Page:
Giardia lamblia is the most common protozoan cause of diarrhea in the world. It infects ~500 million people worldwide, often resulting in nutrient malabsorption which can lead to physical and cognitive developmental defects in children. Recent data suggest that the parasite is able to glycosylate secreted and surface proteins with N-acetylglucosamine and that recognition of this sugar by the mannose binding lectin (MBL) can activate the complement cascade. Our hypothesis is that recognition of parasite glycoproteins by host lectins plays a significant role in activating both innate and adaptive immune responses. We will address this specifically by examining infections in mice lacking host lectins and examining the impact on the course of infection and the innate and adaptive immune responses.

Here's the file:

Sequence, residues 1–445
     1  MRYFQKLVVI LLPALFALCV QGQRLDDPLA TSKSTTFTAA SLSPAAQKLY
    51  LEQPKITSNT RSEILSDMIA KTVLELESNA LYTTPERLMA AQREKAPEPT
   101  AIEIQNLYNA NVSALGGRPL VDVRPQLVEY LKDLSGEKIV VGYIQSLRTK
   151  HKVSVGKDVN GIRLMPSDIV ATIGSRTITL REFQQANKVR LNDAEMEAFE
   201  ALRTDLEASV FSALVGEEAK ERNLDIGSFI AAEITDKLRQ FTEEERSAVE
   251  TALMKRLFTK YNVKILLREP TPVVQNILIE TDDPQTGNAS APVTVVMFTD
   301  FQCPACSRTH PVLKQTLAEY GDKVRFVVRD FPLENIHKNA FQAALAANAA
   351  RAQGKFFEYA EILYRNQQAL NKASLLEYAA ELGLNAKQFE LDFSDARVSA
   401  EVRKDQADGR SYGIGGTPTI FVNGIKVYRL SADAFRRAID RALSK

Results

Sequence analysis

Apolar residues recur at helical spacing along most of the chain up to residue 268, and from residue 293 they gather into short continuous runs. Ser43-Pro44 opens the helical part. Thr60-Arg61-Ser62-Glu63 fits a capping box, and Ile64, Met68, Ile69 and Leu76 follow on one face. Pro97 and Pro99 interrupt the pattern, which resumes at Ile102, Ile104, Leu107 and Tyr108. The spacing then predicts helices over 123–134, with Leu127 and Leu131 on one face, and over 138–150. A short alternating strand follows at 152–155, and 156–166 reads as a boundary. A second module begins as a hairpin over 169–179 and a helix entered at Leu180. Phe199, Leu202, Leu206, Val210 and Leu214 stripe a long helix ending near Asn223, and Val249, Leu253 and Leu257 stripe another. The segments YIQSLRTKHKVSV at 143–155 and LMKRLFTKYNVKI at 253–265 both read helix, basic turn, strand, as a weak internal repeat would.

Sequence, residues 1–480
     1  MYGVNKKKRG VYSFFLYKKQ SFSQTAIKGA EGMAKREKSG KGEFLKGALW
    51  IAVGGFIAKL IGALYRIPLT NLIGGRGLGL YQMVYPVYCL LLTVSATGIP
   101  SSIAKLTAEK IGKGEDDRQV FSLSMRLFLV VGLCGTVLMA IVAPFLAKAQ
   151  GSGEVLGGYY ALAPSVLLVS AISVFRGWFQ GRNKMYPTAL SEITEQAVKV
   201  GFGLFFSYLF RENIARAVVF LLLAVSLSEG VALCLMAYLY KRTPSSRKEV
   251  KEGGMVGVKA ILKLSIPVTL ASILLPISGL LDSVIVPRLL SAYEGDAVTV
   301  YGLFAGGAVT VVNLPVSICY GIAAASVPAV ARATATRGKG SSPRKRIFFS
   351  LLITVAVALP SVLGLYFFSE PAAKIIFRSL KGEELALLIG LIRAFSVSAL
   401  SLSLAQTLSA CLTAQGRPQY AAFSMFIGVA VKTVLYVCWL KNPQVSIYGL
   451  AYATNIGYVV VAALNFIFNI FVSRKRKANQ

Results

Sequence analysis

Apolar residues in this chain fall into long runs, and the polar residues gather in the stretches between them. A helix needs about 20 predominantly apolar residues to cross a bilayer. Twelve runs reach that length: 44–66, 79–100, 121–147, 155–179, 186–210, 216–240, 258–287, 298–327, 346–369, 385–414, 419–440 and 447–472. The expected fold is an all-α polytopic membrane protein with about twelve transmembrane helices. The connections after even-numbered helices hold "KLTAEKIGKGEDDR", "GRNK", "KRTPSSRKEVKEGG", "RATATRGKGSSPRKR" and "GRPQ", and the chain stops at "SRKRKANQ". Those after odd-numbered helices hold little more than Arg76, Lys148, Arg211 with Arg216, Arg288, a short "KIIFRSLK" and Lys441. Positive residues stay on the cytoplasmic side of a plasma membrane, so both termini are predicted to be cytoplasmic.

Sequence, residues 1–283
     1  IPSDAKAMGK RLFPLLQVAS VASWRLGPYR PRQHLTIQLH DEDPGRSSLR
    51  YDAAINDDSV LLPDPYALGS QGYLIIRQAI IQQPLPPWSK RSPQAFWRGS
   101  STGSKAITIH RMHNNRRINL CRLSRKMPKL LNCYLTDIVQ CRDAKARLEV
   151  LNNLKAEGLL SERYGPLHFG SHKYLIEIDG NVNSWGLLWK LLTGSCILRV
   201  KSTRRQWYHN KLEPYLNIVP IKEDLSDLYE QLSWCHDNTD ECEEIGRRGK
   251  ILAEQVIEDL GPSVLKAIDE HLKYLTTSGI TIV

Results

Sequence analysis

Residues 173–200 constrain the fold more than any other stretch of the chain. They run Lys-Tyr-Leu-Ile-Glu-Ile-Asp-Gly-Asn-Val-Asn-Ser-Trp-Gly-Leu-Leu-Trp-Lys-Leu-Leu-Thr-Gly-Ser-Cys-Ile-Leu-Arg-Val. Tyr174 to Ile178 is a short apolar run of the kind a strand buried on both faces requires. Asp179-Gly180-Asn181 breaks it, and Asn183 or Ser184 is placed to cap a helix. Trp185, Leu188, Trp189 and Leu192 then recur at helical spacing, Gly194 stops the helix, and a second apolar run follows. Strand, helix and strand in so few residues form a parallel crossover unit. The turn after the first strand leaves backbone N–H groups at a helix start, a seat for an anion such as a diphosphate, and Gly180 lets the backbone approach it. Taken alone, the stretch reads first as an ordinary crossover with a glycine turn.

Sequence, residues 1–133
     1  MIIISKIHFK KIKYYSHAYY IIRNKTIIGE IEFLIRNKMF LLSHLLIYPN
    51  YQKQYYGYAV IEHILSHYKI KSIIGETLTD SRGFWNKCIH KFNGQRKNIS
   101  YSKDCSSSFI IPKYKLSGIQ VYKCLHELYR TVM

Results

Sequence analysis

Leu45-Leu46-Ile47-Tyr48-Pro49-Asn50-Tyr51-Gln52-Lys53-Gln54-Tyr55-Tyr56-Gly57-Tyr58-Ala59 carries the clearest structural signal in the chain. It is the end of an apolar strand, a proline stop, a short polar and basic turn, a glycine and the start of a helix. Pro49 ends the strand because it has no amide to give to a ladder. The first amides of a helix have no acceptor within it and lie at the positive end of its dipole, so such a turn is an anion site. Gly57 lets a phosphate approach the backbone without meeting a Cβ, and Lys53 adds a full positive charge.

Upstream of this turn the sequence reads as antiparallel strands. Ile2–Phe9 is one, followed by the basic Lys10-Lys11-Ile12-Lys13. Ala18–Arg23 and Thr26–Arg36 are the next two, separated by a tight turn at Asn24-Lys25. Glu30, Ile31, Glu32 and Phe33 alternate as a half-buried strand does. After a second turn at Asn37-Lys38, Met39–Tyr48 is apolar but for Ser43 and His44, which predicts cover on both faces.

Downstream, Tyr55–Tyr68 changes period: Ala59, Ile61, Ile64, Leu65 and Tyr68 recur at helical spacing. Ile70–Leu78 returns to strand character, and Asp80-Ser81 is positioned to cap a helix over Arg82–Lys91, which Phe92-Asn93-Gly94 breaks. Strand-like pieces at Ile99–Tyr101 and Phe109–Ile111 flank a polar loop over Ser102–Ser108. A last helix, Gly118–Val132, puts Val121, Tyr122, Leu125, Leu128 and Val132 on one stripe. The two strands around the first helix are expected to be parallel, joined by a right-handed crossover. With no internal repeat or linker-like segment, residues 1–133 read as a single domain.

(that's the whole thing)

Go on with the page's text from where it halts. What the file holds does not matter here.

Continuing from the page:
Giardia is the most commonly diagnosed protozoan cause of diarrhea in the United States. This proposal seeks to understand how the body's immune system initially recognizes the infecting parasite and determines whether and what kind of immune response to produce. This information is essential for developing vaccines against Giardia, as well as understanding how dysregulation of intestinal immunity leads to syndromes such as celiac, disease, food allergies and Crohn's disease.